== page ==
1- All Weekend:
CALL OUT FOR FURTHER CONTRIBUTIONS to the XeroX Book Library @ Banner Repeater
XeroX Book Library
The XeroX Book Library at Banner Repeater is an accumulative project that is made up of a collection of contributions; a volume of individual copies of the XeroX book, each inscribed with its own specific legacy: the copy of the copy of the copy… and so on, mapping how it became a part of the library, that includes the specific photocopier id to each copy:
Copy of the copy of the copy:
Donald Smith, re-ordering
the page order to copy the
copy given by Jack Wendler
to Chris Rawcliffe
THE XEROX BOOK, 1968
Curators / Editors: Seth Siegelaub /Jack Wendler.
With contributions of 25 consecutive pages each from conceptual artists: Carl Andre, Robert Barry, Douglas Huebler, Joseph Korsuth, Sol LeWitt, Robert Morris, Lawrence Weiner.
During the late 1960’s a growing sense of socio-political awareness meant that artists were increasingly aware that they operated within highly complex and sophisticated inter-related structures, that were indicative of not only the art world, but of society itself. Institutional critique was borne of these self-reflective moments, drawing attention to the construct; the apparatus that supported the art world.
De-materialisation was at the heart of growing concerns borne of a desire for the art-work to avoid such immediate commodification than had previously been the case.
The intention for an artists book to come about by such (seemingly) cheap and utilitarian technology, via the photocopy machine (Xerox), was exemplary of the desire to produce something with an emphasis on the ideas it held, free of the demands made of the market, that perhaps through these strategies might bypass commodification.
Unfortunately, de-materialisation did not evade the market for long. Due to its often ephemeral quality it required documentation, sometimes the event itself being simply instructions of the work, often in the form of text, relating the event; a receipt of sorts, and one perfectly possible to purchase. In this way the work started to require administration and began to mirror the increasingly administered-to world of work, one in which the sole purpose appeared to be an ever-increasing profitability through statistical analysis.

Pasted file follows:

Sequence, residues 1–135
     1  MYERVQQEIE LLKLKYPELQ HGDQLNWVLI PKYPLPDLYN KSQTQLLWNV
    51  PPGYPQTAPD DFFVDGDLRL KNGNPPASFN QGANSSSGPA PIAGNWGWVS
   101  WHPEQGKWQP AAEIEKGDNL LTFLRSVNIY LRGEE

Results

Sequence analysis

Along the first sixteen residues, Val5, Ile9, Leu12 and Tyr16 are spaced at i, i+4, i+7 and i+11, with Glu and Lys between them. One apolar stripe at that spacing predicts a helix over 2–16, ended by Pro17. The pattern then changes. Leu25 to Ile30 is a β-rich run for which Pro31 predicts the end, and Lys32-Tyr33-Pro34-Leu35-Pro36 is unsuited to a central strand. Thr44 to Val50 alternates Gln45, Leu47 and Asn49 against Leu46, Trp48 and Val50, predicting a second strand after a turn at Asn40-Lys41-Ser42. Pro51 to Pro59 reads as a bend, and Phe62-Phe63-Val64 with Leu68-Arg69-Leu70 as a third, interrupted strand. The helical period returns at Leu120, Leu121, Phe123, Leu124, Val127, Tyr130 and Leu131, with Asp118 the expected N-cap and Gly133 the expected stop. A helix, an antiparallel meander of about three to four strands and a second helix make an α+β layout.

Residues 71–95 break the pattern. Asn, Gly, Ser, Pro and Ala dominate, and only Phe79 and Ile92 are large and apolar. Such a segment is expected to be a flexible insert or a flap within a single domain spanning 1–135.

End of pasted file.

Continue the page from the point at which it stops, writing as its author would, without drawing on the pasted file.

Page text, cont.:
The Xerox book was produced as a lithographic print after all, and entered the market place seamlessly, regardless of its material form, borne aloft due in most part to its increasingly well-known contributors; the aura of the artist belying any attempt to de-mystify art via annulment of the aura of the object.
The Xerox book, in capturing the ethos of the time so very well, and through perhaps its failure to evade the market place, exemplifies many of the ideas still casting long shadows in contemporary art today borne of the conceptual period, projecting many shared ideals with earlier projects of the avant-garde.
The copy we first acquired was produced for the Jack Wendler archive exhibition at Chelsea space. The Xerox book eventually reached its intended status within this thoughtfully curated presentation of Wendler’s archive, as a photocopied object, available for the masses to thumb through the leaves of a by now, legendary book.
A collection of these accumulates at Banner Repeater as the XeroX Book Library. Contributors include Donald Smith at Chelsea Space, Adam Smythe at Eastside Projects, Urs Lehni at Rollo Press, Chris Rawcliffe at Pn4, Tom Mason and Ami Clarke.
Further contributions to the XeroX Book Library are welcomed over the weekend, as well as on-going, please contact email@example.com.
The reading room and project space is open 6 days a week:
8 – 11am, 4 – 7pm tues – thurs,
8 – 6pm fri,
12 – 6pm sat, 12 – 6pm sun (during exhibitions)
2 – All Year :
Artists’ Record Month @ X Marks the Bökship
Have you made one? Send a copy and details to:
X Marks the Bökship
210/ Unit 3, Cambridge Heath Road
London E2 9NQ